Problem: Let $F(x)$ be a continuous and non-decreasing function on $[0,1]$ with $F(0)=0$ and $F(1)=1$. I'd like to prove the existence of a couuntably additive measure $\mu$ on Borel subsets of $[0,1]$ s.t. $\mu\left([a,b]\right)=F(b)-F(a)$ for all intervals $[a,b]\subset[0,1]$.

I can prove the case when $F(x)$ is the distribution function, which is non-decreasing and right continuous on the real line. Then, $F(x)=\mu\left((-\infty,x]\right)$. $\mu\left((a,b]\right)=F(b)-F(a)$.

My sketch of the proof for this case: We need to show that if $(a,b]=\bigcup_{j=1}^{\infty}(a_j,b_j]$, then $F(b)-F(a)=\sum_{j}F(b_j)-F(a_j)$.

$\ge$ is obvious.

For $\leq$, we apply Caratheodory extension for $\mu$ from the semiring of intervals to the Borel $\sigma$-field. By definition of distibution function, $F(x)\to 0$ as $x\to-\infty$. We can replace $a$ by finite number of $a'$ s.t. $F(a')-F(a)<\varepsilon$. Similary, we can replace $b$ by finite $b'$ s.t. $F(b)-F(b')<\varepsilon$. By right continuity of $F(x)$, we can replace $(a_j,b_j]$ by $(a_j,b_j')$ s.t. $F(b_j')-F(b_j)<\frac{\varepsilon}{2^j}$. Now we have $$F(b')-F(a')\ge F(b)-F(a)-2\varepsilon$$ and $[a',b']\subset(a,b]$ is closed and bounded.

Moreover, $(a_j,b_j')$ is an open cover of $[a',b']$. By Heine-Borel, we can find such finite subcover and $$\sum_{j}F(b_j)-F(a_j)\ge\sum_{j}F(b_j')-F(a_j)-\frac{\varepsilon}{2^j}\ge F(b')-F(a')-2\varepsilon\ge F(b)-F(a)-3\varepsilon$$ Let $\varepsilon\to 0$ to get the desired result.

My questions are:

  1. How can I adapt the proof I provided above for the problem I am asking? I am stuck, since countable union of disjoint closed sets may not be a closed set. And the problem seems to be a restriction of the distribution function to the interval $[0,1]$. If so, how? And if not, how can I write a new proof?

  2. I am also interested in the case when $F(x)$ has jumps on its domain $[0,1]$. Do I have break into the case on finite and infinite jumps? I know the fact that Dirac measures are countably additive, so does this fact help to prove this case?

Added(09/13/2020): I think it is possible for singular points to have non-zero measures. For example in my case, we can define Dirac measure at $x=\frac{1}{2}$, a valid countably additive measure on $\mathcal{B}$. $$F(x)=\chi_{\{[1/2,1]\}}$$ is one such example. Please point out if I have any flaw in my reasoning.

If there is a similar question regarding this, please direct me to that. I know this may be a basic question, but I'd like to receive help on this. Thank you.

  • $\begingroup$ You can't. Take $$F(x) = \begin{cases} 0 &\text{if } x < 1/2, \\ \frac{1}{2} &\text{if } x = 1/2, \\ 1 &\text{if } x > 1/2. \end{cases}$$ Then various properties of measures force a) $\mu(\{1/2\}) = 0$, b) $\mu(\{1/2\}) = 1/2$, and c) $\mu(\{1/2\}) = 1$. Some additional conditions or some change in requirements is necessary. $\endgroup$ Sep 8, 2020 at 15:23
  • $\begingroup$ Sorry, I overlooked the continuity requirement. With that, $F$ is a distribution function, and the usual way works. If you don't know how to deal with distribution functions defined only on an interval, extend it to $\mathbb{R}$ by setting $F(x) = 0$ for $x < 0$ and $F(x) = 1$ for $x > 1$. $\endgroup$ Sep 8, 2020 at 15:50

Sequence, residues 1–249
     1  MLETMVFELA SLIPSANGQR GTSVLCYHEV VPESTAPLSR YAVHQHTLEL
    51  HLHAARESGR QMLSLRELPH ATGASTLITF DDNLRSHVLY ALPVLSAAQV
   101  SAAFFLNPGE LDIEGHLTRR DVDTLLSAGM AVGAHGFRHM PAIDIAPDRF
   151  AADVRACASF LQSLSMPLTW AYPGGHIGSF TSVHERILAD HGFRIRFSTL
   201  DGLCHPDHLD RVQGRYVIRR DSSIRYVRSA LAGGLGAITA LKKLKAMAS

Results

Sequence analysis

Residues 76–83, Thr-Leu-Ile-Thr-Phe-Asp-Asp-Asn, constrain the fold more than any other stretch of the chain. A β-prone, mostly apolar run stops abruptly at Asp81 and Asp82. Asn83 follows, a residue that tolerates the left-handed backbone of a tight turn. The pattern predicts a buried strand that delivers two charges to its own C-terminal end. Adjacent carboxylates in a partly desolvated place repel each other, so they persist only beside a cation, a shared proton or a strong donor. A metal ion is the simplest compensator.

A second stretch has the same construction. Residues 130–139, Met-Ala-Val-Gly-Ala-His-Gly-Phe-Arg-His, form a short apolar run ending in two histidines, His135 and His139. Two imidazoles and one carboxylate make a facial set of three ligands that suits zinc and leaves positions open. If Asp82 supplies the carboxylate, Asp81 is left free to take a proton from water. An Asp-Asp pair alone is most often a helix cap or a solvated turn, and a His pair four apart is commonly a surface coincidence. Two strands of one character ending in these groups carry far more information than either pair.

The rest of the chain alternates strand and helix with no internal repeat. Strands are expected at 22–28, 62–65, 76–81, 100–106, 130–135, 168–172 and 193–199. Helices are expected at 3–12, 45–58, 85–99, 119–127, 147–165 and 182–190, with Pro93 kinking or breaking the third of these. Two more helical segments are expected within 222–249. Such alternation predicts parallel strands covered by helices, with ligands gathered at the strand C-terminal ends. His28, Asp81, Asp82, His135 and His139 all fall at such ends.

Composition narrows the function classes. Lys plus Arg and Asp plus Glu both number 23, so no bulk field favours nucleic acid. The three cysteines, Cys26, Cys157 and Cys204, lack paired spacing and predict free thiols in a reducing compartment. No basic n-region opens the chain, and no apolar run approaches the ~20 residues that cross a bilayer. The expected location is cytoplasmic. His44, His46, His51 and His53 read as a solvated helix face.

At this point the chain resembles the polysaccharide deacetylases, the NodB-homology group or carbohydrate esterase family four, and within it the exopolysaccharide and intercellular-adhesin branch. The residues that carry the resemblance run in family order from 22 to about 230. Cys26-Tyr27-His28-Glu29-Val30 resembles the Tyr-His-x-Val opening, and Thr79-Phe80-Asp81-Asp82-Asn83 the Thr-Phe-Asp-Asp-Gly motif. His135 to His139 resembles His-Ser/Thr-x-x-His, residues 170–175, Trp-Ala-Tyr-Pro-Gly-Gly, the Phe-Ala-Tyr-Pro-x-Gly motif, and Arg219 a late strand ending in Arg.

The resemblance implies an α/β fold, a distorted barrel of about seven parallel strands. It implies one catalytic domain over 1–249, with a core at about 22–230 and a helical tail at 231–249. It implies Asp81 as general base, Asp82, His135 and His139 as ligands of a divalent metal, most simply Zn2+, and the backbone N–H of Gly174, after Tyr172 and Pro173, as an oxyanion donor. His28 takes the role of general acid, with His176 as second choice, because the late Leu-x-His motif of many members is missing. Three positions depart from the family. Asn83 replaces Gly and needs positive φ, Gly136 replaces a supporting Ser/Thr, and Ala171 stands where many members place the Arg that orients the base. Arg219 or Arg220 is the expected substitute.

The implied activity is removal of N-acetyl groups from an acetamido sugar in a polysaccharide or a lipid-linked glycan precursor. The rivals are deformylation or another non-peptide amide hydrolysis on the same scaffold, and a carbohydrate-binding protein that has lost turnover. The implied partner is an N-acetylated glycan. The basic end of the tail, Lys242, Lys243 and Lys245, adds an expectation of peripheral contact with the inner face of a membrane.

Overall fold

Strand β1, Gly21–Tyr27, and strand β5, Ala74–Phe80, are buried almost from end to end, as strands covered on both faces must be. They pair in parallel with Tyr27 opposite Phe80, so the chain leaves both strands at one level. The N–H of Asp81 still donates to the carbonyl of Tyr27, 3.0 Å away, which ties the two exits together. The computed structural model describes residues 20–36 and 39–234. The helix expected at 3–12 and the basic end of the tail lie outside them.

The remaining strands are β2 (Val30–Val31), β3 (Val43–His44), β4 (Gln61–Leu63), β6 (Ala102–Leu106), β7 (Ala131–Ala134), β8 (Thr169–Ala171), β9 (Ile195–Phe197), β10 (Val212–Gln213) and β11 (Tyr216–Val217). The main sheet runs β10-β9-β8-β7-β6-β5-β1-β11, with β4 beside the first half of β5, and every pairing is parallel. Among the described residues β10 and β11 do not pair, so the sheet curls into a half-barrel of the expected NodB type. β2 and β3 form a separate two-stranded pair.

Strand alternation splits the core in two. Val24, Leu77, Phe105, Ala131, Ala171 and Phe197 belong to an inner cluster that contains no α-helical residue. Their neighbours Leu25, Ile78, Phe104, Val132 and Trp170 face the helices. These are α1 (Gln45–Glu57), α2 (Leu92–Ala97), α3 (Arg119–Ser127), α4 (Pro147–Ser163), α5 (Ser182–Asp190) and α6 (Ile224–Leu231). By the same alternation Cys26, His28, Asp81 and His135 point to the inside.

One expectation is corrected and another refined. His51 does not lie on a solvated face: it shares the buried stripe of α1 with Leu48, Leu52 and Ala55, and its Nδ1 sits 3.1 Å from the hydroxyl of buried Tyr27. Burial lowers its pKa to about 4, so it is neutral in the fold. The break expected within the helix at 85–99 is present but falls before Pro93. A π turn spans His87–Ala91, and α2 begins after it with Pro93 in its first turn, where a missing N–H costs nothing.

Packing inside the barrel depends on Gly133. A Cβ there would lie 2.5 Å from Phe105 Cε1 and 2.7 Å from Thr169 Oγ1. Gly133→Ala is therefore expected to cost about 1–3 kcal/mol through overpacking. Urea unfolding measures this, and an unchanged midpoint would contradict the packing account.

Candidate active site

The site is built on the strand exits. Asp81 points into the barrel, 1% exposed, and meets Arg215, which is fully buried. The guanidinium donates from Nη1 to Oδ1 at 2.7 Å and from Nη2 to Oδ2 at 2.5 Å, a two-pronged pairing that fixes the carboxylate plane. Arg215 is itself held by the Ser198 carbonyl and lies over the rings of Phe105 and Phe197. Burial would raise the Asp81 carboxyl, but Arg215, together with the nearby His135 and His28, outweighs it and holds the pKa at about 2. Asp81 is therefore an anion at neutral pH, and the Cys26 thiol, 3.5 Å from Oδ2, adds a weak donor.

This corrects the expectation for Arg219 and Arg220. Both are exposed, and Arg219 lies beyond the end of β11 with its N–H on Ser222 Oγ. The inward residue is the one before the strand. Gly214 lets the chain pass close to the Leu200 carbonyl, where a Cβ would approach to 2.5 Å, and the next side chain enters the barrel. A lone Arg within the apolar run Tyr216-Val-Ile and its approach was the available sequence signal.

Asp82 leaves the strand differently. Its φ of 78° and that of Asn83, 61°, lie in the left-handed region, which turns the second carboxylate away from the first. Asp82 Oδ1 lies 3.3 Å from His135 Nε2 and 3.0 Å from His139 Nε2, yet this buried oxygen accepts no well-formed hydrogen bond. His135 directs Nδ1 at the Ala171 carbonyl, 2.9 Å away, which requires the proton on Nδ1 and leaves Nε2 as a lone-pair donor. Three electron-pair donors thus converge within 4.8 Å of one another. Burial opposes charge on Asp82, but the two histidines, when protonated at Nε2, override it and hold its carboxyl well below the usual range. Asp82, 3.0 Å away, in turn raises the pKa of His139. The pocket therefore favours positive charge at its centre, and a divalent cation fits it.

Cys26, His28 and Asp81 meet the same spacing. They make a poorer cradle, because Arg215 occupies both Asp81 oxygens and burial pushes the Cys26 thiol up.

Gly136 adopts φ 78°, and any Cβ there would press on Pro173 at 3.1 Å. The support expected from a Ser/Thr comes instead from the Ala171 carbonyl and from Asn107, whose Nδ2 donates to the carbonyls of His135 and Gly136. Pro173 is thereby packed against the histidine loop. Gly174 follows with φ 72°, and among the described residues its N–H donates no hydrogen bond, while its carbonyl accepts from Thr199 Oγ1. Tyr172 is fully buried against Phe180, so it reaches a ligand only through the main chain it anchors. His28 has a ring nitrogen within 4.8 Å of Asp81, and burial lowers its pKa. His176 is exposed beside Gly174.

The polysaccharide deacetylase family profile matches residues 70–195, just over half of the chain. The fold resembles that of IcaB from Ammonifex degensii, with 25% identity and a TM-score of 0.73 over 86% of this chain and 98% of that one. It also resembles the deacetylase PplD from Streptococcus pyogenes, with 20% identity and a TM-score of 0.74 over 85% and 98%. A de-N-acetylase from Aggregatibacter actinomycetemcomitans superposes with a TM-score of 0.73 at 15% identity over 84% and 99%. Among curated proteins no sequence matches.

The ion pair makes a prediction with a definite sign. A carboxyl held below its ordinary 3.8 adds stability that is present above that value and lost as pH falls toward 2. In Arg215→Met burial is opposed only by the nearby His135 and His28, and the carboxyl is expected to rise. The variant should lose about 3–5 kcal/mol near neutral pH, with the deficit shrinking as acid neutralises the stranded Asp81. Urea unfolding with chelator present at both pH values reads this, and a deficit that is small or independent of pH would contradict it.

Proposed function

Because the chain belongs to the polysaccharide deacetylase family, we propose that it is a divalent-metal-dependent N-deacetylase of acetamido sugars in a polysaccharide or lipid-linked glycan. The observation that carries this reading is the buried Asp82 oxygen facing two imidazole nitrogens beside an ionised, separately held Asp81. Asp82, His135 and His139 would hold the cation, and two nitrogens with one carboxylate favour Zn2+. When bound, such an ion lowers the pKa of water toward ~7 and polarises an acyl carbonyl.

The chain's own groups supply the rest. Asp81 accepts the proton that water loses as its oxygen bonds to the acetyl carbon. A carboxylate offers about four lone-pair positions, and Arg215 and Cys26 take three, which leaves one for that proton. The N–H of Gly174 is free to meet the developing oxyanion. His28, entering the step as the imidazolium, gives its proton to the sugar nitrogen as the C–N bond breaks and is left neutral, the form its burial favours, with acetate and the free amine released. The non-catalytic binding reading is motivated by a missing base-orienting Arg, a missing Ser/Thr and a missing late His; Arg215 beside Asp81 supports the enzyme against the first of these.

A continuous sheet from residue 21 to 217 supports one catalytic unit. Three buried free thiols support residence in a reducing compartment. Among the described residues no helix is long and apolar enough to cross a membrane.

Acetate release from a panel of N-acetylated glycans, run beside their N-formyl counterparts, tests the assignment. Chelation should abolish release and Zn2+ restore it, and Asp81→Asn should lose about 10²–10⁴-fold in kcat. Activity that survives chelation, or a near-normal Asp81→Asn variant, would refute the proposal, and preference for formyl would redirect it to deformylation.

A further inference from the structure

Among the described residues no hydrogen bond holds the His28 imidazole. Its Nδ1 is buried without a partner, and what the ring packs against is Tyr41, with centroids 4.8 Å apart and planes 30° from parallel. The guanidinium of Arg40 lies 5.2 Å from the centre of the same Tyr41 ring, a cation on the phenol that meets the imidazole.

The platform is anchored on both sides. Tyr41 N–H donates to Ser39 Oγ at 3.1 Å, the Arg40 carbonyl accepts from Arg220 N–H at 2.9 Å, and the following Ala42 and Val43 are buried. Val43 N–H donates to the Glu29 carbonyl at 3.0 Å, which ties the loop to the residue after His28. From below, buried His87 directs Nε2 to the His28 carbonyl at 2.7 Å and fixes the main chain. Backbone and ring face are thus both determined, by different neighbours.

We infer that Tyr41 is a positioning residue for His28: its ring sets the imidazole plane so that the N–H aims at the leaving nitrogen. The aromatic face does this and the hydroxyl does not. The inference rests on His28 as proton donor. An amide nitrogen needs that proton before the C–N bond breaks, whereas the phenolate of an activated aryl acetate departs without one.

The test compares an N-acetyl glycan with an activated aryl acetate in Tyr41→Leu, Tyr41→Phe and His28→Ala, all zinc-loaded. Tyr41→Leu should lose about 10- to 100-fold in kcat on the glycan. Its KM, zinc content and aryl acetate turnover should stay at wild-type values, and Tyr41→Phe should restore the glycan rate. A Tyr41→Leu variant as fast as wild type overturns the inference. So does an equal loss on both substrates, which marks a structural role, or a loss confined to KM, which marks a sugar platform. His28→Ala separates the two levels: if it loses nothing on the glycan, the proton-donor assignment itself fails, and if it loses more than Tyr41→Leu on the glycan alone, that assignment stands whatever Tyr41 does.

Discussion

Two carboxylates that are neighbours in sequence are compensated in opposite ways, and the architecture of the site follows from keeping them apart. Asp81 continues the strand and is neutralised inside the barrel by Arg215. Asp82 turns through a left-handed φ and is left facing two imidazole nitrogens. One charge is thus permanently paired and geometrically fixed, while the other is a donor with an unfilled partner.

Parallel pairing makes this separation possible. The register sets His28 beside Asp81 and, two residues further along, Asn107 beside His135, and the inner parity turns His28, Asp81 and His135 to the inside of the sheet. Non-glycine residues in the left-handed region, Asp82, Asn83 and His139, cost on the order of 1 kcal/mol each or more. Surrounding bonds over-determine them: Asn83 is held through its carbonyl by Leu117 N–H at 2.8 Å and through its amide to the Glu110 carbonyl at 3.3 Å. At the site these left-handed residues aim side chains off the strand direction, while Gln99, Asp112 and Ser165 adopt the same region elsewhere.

• $\begingroup$ @DanielFischer, Hello, can you write an answer regarding my two question? I don't know how to deal with the closed set $[a,b]$, since distribution function is defined for half-open half-closed intervals. Thank you! $\endgroup$
    – Mike
    Sep 8, 2020 at 15:53
  • $\begingroup$ I don't understand your first question. If you have $\mu((a,b]) = F(b) - F(a)$ you have $\mu([a,b]) = F(b) - F(a)$ by continuity. Where does a countable union of disjoint closed sets enter? $\endgroup$ Sep 8, 2020 at 15:58
  • $\begingroup$ @DanielFischer: Hello, my confusion is how to possibly link my prove for $\mu\left((a,b]\right)=F(b)-F(a)$ to my problem $\mu\left([a,b]\right)=F(b)-F(a)$? And does such countably additive measure exists if $F(x)$ admits jumps in its domain $[0,1]$? Could you possibly write an answer regarding my confusion. That'll clear things up. $\endgroup$
    – Mike
    Sep 8, 2020 at 16:06

1 Answer 1


Okay, I guess I kind of figure it out. Please let me know if there is any mistake. Basically, you do all the measure theory things over $\mathbb{R}$ firstly, just like the first part your post.

Then, you get a unique Borel measure $\lambda$ on the whole real line $\mathbb{R}$, and the definition of it is $$\lambda((a,b])=F(b)-F(a).$$

Now, restrict $\lambda$ to $[0,1]$. That is, you define $\mu:=\lambda|_{[0,1]}$. But this is not over, you still need to argue why $$\mu([a,b])=F(b)-F(a),$$ since currently the definition is $\mu((a,b])=F(b)-F(a).$

This involves the continuity. As pointed out by you, if the function has jump, you can have a singular measure at a point. This involves the following lemma.

Lemma: Let $F$ be an increasing and right-continuous function, and $\mu$ to be the measure associated to it. Then, $\mu(\{a\})=F(a)-F(a-)$, $\mu([a,b))=F(b-)-F(a-)$ and $\mu([a,b])=F(b)-F(a-).$

You could find the proof here http://www.math.ttu.edu/~drager/Classes/01Fall/reals/ans2.pdf.

However, if you read the proof, you will see that by definition of $F(a-)$, if your function is continuous, then $F(a-)=F(a)$ and therefore, for continuous function, you can arrive conclusion $$\mu([a,b])=F(b)-F(a-)=F(b)-F(a).$$ However, for jump-function, if it is right continuous, then you can only get the lemma, which is a little bit weaker.

For left continuous function, your construction of Borel measure over $\mathbb{R}$ will use $[a,b)$, so the direction will change. You could easily modify the statement and the proof to discuss the left-continuous case, but the idea is the same so I will not bother to write it here.


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